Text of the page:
Written by: David Patrick
The latest M. Night Shyamalan movie Split builds on the quality writing—and success—of his previous film The Visit. After a decade long dry spell, M. Night Shyamalan reinvented himself with more compelling narratives and plot twists comparable to his earlier work.
(In fact, audiences agree that Split is the spiritual successor to Unbreakable but more on that later) If you have not yet seen this new psychological thriller, then go see it now.
Check out my reasons below.
I admittedly have only seen McAvoy in a couple of X-Men movies. (Not a huge Marvel fan—sorry!) Ask my wife about all his low budget Indy flicks and she’ll write a dissertation for you. But concerning his mainstream status, McAvoy has officially earned both my respect and proverbial vote for Best Actor at the Oscars. Twenty-three identities—how do you prepare yourself for essentially twenty-three different roles? Okay, so he only portrays about four or five characters through the bulk of the film with a dozen or so quickly splashed in between all of them. But still—how do you prepare for an assembly of roles and furthermore carry the whole film on your shoulders—and actually deliver? He nailed it.
No two snowflakes are alike, and McAvoy distinguished himself in each role, sometimes even switching characters in the same scene without a single camera cut. All the little behavioral changes—shifts in posture, raising his eyebrows a certain way, altering the pitch or tone in his voice—displayed such a uniqueness that I have not before seen in a performance with another actor.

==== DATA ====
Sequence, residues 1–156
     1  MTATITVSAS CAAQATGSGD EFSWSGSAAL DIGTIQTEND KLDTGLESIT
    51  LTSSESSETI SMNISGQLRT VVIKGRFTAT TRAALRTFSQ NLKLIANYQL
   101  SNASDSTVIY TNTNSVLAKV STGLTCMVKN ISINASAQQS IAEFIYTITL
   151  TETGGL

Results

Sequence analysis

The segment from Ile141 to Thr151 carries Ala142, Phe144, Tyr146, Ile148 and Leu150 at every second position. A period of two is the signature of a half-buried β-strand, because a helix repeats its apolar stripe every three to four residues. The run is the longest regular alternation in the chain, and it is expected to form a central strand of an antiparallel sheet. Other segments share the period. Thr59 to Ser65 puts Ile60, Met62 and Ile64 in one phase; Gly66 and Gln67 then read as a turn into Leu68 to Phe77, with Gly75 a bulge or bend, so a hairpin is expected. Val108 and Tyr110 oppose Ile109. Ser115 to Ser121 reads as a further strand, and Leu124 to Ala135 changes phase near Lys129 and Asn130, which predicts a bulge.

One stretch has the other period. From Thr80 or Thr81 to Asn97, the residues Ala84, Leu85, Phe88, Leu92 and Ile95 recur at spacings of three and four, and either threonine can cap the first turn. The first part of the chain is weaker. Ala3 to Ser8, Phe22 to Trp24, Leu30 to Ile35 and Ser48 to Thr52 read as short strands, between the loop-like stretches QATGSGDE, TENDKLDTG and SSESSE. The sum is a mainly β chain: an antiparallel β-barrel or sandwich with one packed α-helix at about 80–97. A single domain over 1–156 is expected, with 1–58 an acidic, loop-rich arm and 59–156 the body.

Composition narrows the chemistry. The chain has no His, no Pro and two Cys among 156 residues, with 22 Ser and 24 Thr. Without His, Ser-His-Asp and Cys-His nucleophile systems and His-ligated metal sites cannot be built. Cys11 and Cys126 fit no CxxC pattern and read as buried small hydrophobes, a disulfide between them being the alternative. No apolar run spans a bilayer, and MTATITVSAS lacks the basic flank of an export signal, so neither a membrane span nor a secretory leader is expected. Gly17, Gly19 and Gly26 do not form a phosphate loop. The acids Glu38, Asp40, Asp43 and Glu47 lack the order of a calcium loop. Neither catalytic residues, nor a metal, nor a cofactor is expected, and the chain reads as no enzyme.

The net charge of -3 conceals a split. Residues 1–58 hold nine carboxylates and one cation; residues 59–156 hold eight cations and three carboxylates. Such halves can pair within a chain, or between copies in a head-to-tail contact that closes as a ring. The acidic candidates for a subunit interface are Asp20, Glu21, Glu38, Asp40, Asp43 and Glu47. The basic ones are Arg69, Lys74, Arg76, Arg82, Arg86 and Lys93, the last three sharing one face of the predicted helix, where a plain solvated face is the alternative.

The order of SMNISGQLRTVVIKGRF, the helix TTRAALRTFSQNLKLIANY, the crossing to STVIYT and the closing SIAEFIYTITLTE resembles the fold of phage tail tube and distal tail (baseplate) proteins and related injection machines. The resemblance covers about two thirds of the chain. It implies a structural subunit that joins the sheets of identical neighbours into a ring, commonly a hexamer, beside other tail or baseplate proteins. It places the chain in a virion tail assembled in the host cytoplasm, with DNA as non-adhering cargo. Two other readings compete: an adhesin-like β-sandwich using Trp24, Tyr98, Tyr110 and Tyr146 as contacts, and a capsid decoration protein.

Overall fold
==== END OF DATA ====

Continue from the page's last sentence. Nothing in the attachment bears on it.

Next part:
Have you seen Unbreakable yet? If you want to enjoy all the intricacies of Split and understand its full context, then go watch Unbreakable first.
Otherwise, you will still love Split but not fully grasp the depth of its message.
Also, the two films work as yin and yang. Unbreakable provides the emotional appeal and Split provides the psychological substance.
The medical community remains divided on its assessment of DID. We commonly demonize DID and consider people with multiple personalities a threat to society in some respects. However, part of the plot twist—do not worry, this is not a spoiler—within the narrative establishes not only a fascination with DID but praise for those who do not suffer from DID but instead are gifted with DID. The psychiatrist Dr. Fletcher reinforces this position on DID and how we should study these people to better understand the potential future of human evolution. And guess what. If you think that M. Night Shyamalan fictionalized DID with his choice of twenty three personalities, then check out this video on the woman with twenty personalities.
M. Night Shyamalan, an Indian born Hindu, always incorporates religious themes into his films to convey an inherently religious message. He puts together a fine balance of religion and plot without riding his high horse or preaching jeremiads from his soapbox.
He takes a different angle with Split.
Rather than conveying a strong religious message, touching upon the common themes of forgiveness or perseverance of faith, he instead subliminally warns us of religious zeal.
Mind you, not religion but religious zeal, more precisely apocalyptic religious zeal. The kind of cultic thinking behind mass deaths, such as the Jim Jones tragedy.
The man who in one sense defends religion and religious concepts also warns us of the darker side of the alternative—a blind zeal that can lead one to self harm or harm to others. This is found in his personality known as The Beast. (How appropriately named with hints to the Book of Revelation)
So go see Split and tell me what you think!
Read about a young man who hunts down bloodthirsty night creatures in the first installment to the Legend of the Vampires epic fantasy series.
A Storm Gathers
The Vampires regroup in their subterranean halls. A grieving Queen obsesses over her love for an exiled werewolf. An ancient cult worships a crystal artifact to summon a mystical storm. A royal advisor seeks the help of a wizard once revered as a god. And just one young vampire slayer named Nero prepares to shield the city from the forces of darkness. Then something rips the sky in half...
"You will learn to love me again." Then she kissed the beast.